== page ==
dc.description.statementofresponsibilityCoombe-Davis, Karla
dc.format.extent6031872 bytes
dc.format.extent657920 bytes
dc.format.extent253440 bytes
dc.format.extent557056 bytes
dc.format.extent1185792 bytes
dc.format.extent36864 bytes
dc.format.extent45568 bytes
dc.format.extent137728 bytes
dc.format.extent207872 bytes
dc.format.extent52242432 bytes
dc.format.extent12374528 bytes
dc.format.extent201216 bytes
dc.format.extent192000 bytes
dc.format.extent77312 bytes
dc.format.mimetypeapplication/vnd.ms-excel
dc.format.mimetypeapplication/vnd.ms-excel
dc.format.mimetypeapplication/vnd.ms-excel
dc.format.mimetypeapplication/vnd.ms-excel
dc.format.mimetypeapplication/vnd.ms-excel
dc.format.mimetypeapplication/vnd.ms-excel
dc.format.mimetypeapplication/vnd.ms-excel
dc.format.mimetypeapplication/vnd.ms-excel
dc.format.mimetypeapplication/vnd.ms-excel
dc.format.mimetypeapplication/vnd.ms-excel
dc.format.mimetypeapplication/vnd.ms-excel
dc.format.mimetypeapplication/vnd.ms-excel
dc.format.mimetypeapplication/vnd.ms-excel
dc.format.mimetypeapplication/vnd.ms-excel
dc.languageEnglishen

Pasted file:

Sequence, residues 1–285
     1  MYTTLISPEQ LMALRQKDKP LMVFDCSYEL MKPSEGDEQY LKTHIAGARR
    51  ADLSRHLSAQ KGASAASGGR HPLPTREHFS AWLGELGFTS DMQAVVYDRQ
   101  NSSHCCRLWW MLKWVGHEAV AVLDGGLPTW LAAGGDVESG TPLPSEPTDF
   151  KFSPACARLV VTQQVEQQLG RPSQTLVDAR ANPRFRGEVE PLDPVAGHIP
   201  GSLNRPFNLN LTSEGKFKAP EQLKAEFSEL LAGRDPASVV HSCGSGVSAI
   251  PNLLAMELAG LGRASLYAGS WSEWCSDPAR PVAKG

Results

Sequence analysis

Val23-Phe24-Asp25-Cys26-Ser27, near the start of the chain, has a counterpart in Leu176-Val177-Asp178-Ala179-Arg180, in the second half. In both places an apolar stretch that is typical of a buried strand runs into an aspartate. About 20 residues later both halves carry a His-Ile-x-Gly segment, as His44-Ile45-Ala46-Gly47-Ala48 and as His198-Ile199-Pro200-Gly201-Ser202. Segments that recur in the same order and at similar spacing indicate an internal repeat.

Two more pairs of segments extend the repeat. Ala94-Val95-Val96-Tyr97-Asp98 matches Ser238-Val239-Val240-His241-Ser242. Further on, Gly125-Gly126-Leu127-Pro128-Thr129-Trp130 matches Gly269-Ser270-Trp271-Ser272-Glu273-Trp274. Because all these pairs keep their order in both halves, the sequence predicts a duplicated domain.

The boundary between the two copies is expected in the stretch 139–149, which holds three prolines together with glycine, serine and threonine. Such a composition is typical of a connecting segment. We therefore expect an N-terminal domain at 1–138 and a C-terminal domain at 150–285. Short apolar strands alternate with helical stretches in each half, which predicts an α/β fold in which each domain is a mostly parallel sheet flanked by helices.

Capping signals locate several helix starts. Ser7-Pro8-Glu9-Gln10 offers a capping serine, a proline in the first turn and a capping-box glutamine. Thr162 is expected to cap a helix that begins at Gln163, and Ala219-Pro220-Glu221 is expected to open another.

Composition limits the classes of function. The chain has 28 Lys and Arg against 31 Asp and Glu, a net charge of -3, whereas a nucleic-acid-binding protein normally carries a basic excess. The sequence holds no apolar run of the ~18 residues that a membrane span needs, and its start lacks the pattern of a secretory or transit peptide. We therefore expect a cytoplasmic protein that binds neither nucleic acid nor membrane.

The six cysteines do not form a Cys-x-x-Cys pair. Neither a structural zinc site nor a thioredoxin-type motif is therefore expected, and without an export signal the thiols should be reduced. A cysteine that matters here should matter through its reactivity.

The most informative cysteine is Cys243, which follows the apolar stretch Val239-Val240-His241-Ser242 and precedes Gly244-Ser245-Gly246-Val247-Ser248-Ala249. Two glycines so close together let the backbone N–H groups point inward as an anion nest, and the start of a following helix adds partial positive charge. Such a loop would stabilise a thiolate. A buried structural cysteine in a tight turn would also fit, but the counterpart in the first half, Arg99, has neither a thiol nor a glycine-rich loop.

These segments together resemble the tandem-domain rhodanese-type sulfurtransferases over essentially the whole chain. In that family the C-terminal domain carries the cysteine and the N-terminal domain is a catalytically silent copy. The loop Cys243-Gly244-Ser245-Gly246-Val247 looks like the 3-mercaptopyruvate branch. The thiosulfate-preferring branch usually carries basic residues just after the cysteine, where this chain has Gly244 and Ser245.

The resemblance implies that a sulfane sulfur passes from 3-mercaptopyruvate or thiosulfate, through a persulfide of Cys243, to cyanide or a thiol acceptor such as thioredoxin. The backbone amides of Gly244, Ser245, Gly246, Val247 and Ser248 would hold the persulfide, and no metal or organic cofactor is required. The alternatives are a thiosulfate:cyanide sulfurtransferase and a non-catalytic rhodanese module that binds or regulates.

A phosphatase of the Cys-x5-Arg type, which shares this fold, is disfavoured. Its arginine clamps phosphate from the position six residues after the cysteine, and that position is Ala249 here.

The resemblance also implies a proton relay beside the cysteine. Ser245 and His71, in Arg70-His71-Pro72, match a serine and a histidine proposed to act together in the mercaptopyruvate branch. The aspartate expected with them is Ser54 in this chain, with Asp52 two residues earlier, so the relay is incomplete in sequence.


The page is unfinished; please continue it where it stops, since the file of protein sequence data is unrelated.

dc.language.isoen_US
dc.rightscopyrighten
dc.subjecttranslocationen
dc.subjectungulateen
dc.titleThe extent, impacts and management of ungulate translocationsen
dc.mdidentification.purposePhDen
dc.mdidentification.organizationnameCentre of Excellence for Invasion Biologyen
dc.mdidentification.deliverypointFaculty of Science, Natural Sciences Building, Private Bag X1, Stellenbosch University, Matielanden
dc.mdidentification.postalcode7602en
dc.mdidentification.phone0218082832en
dc.mdidentification.electronicmailaddresskcd@sun.ac.zaen
dc.mddataidentification.languageEnglishen
dc.mdusage.usagedatetime2013-11-01
dc.mdlegalconstraints.accessconstraintscopyrighten
dc.lilineage.statementData submitted as per agreement with Centre for Invasion Biology. PhD dataset.en
dc.dqcompletenessomission.valueunitPercentageen
dc.dqcompletenessomission.valueattributedata100en
dc.mdmaintenanceinformation.maintenanceandupdatefrequencyWhen_neededen
dc.mdfeaturecataloguedescription.cataloguedate2013-06-11
dc.mddistributor.distributorcontactCentre for Invasion Biologyen
dc.mdformat.nameMS Excelen
dc.exgeographicboundingbox.westboundlongitude90en
dc.exgeographicboundingbox.eastboundlongitude90en
dc.exgeographicboundingbox.northboundlattitude90en
dc.exgeographicboundingbox.southboundlattitude90en
dc.exverticalextent.minimumvalue0en
dc.exverticalextent.maximumvalue5000en
dc.exverticalextent.unitofmeasuremetersen
dc.cibprojectNAen


Files in this item

Thumbnail
Thumbnail
Thumbnail
Thumbnail
Thumbnail
Thumbnail
Thumbnail
Thumbnail
Thumbnail
Thumbnail
Thumbnail
Thumbnail
Thumbnail
Thumbnail
Thumbnail

This item appears in the following Collection(s)

Show simple item record